Kudos to the Pro Football Hall of Fame’s new Contributors Selection Committee.
Entrusted with selecting two nominees under the Hall’s new guidelines for contributors, it was as on target as Bart Starr’s winning call in the Ice Bowl.
Not only was it good news for Packers devotees who believe Ron Wolf belongs in the Hall of Fame for reviving their once torpid franchise, it was good news for those who care about the integrity of the Hall and its standards for selection.
To be inducted, Wolf and Bill Polian will need to get 80 percent of the vote when the selection meeting is held on Jan. 31, 2015, in Phoenix, but their credentials surely warrant the consideration they’ll be given that day.
When the Hall of Fame changed its bylaws earlier this year to make it easier for contributors to get into the Hall, there was reason to be alarmed. One had to wonder if NFL owners weren’t behind the decision and leading interference for their own future inductions.
Out of the 19 contributors in the Pro Football Hall of Fame, there are nine owners and that doesn’t count George Halas and Al Davis, who were football men first, and Bert Bell, another one-time owner elected more for his achievements as NFL commissioner.
Only two general managers, on the other hand, have made it into Canton: Tex Schramm and Jim Finks. And Schramm held the dual titles of president and general manager and was more involved on the business side than the personnel side, at least during the last 20 of his 29 years with the Dallas Cowboys.
By comparison, of the 33 Major League Baseball executives in the Baseball Hall of Fame, there are only seven owners, and two of those, Charles Comiskey and Clark Griffith, were inducted as much for their roles as player-managers in the early days of baseball. There also are seven GMs in the Baseball Hall of Fame.
There’s no Busch or Wrigley in the baseball Hall even though those are names synonymous with the sport, and there has been no rush to induct George Steinbrenner.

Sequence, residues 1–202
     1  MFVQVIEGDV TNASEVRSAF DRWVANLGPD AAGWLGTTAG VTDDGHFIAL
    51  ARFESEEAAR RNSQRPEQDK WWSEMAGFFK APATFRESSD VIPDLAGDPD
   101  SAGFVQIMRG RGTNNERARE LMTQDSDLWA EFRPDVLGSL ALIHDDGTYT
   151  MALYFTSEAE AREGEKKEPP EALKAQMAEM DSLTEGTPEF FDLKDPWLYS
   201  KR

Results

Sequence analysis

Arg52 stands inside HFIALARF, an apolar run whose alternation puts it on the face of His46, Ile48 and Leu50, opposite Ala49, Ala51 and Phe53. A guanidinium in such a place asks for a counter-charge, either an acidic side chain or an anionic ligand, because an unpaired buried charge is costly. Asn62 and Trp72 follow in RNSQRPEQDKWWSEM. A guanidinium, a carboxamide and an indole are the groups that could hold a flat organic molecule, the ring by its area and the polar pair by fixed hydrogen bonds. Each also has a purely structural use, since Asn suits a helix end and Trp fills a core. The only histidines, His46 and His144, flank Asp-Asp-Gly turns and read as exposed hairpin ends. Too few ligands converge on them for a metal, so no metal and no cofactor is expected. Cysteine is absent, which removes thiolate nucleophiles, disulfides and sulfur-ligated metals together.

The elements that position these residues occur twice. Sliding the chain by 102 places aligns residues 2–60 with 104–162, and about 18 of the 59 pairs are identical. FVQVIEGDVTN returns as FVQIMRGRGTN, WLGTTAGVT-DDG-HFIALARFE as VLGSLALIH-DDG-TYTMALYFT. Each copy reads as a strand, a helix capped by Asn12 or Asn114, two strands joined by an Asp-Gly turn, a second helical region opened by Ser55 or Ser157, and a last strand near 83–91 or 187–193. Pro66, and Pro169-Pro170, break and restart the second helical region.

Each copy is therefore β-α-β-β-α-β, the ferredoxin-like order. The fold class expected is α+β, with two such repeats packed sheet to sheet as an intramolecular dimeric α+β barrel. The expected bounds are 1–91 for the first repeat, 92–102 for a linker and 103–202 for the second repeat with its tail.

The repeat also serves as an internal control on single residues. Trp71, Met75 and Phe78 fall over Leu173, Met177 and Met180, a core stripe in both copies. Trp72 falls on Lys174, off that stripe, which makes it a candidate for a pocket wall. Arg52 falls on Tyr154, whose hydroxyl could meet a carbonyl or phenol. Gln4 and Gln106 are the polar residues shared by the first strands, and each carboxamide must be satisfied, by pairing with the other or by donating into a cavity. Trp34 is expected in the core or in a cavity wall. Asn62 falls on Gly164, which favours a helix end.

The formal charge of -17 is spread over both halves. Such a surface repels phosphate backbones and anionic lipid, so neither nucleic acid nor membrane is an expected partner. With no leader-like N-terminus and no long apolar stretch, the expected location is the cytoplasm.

Despite the preponderance of owners already in the football Hall, two more, Edward DeBartolo Jr. and Art Modell, were finalists the last two years under the old voting system and figured to be the favorites this year under the new one.
But for what?
Mickey McBride was the original owner of the Cleveland Browns when Paul Brown was hired as coach, when they led the way in reintegrating pro football following World War II, when they expanded the sport’s landscape as charter members of the All-America Football Conference, and when they won five league championships, including their first year in the NFL after it absorbed three of the AAFC’s franchises.
Modell’s resume as Browns owner pales in comparison.
DeBartolo spent money lavishly to please his players and, in turn, the San Francisco 49ers won five Super Bowls under his ownership. But as one longtime NFL executive said to me a year ago, “I don’t think you put a guy in the Hall of Fame because he had a chef on the charter.”
Nothing would cheapen the Hall of Fame honor more than if the new contributor rule leads to a parade of owners being inducted. Do busts of Modell, DeBartolo, Pat Bowlen, Robert Kraft and Jerry Jones really belong in the same room with Halas, Curly Lambeau, Bronko Nagurski, Jim Brown, Mean Joe Greene and Jerry Rice?